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Ready or not, Facebook's Timeline is coming to a profile near you

Why? It's all about Open Graph--making sure your friends can flood you with info on what they're buying, eating and listening to.

Facebook's new Timeline.
Facebook's new Timeline.

If you're one of those Facebook users who has seen Timeline and shunned it, the world's largest social network has some bad news for you: in the coming days, you won't have that option any longer.

Facebook announced in a blog post today that Timeline will be brought to all of the social network's 800 million users "over the next few weeks." Upon getting Timeline, users will have seven days to preview what's populated before it's automatically pushed live. Users that edit what they want people to see before that seven-day window can push the feature live sooner.

Facebook introduced Timeline at its F8 conference in September. The update is a dramatic departure from current user profiles, and includes all items a person has shared on the social network since they joined. At his company's F8 conference, Facebook co-founder and CEO Mark Zuckerberg said that the feature is "a way to tell all the important stories from your life on a single page."

Aside from displaying a prominent "cover photo" at the top of the user's profile and basic information below it, Timeline has a right sidebar listing years in chronological order that users can click on to see what others have shared on the site. Timeline also includes a map for people to input where they've been around the world.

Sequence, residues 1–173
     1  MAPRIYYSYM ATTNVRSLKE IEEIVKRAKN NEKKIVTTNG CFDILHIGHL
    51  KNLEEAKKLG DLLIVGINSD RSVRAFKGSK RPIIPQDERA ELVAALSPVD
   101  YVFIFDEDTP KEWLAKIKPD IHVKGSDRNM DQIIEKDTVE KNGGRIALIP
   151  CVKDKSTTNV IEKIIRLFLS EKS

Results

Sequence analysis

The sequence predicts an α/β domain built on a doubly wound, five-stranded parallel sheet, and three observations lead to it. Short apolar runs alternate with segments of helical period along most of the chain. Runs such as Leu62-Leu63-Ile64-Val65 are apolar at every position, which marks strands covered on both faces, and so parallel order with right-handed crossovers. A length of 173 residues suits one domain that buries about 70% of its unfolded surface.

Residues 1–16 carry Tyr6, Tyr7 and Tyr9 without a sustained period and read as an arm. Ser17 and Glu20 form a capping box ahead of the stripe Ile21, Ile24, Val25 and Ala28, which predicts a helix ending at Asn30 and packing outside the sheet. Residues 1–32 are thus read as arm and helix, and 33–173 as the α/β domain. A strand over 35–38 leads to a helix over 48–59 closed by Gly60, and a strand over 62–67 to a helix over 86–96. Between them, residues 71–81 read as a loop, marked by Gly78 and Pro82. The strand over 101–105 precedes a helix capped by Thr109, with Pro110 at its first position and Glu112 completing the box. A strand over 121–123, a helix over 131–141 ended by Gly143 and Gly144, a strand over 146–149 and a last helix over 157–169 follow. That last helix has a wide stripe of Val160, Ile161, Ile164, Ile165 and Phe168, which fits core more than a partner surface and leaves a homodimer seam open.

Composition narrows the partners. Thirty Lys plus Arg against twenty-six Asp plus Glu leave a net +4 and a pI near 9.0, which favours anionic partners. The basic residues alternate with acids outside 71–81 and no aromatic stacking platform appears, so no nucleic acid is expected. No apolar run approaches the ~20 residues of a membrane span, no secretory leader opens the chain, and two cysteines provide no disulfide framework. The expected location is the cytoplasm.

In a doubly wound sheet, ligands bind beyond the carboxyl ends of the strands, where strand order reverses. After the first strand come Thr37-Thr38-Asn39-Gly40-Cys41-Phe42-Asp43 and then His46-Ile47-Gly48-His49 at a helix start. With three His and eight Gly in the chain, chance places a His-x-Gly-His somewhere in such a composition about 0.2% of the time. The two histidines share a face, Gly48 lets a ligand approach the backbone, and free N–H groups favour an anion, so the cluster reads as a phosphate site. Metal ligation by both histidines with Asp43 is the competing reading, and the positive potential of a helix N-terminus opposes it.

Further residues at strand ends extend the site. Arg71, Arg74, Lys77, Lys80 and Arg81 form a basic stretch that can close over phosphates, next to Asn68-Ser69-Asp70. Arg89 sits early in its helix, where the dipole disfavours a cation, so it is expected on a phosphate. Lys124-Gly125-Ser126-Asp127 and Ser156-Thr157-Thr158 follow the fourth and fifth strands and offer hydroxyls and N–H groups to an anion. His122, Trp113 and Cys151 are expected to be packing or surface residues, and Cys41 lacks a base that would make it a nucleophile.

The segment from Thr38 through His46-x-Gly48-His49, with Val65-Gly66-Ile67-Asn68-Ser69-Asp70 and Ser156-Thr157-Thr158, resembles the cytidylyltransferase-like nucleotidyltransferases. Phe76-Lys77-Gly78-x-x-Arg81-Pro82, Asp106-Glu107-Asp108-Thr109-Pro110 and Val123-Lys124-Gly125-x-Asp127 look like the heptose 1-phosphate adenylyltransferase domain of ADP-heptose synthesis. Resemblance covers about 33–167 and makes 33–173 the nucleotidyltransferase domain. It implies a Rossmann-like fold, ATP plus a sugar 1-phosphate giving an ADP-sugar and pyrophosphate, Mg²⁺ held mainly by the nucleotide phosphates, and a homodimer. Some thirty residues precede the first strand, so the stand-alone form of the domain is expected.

Although some Facebook users had access to Timeline sooner, last month, the company opened up the opt-in to all of its users.

So, why is Timeline suddenly a mandatory feature? It's all about timing.

Last week, the company announced the launch of additional Open Graph applications, which combine the "actions" users engage in both on the world's largest social network and off, into a single spot in their Open Graph. So, if a user is listening to a song, watching a television show, or reading a news article across the Web, it can be shared on Facebook for friends to see. Those friends can then join in and do the same. At F8, Zuckerberg said that the idea could create "a completely new class of social apps than what was ever possible before."

The key ingredient in those applications is Timeline. Unlike so many other activities on Facebook, what users do off the site through those apps will show up in the Timeline, and not in news feeds. So in order for Facebook to get its Open Graph initiative off the ground, you're being pushed into using Timeline--whether you like it or not.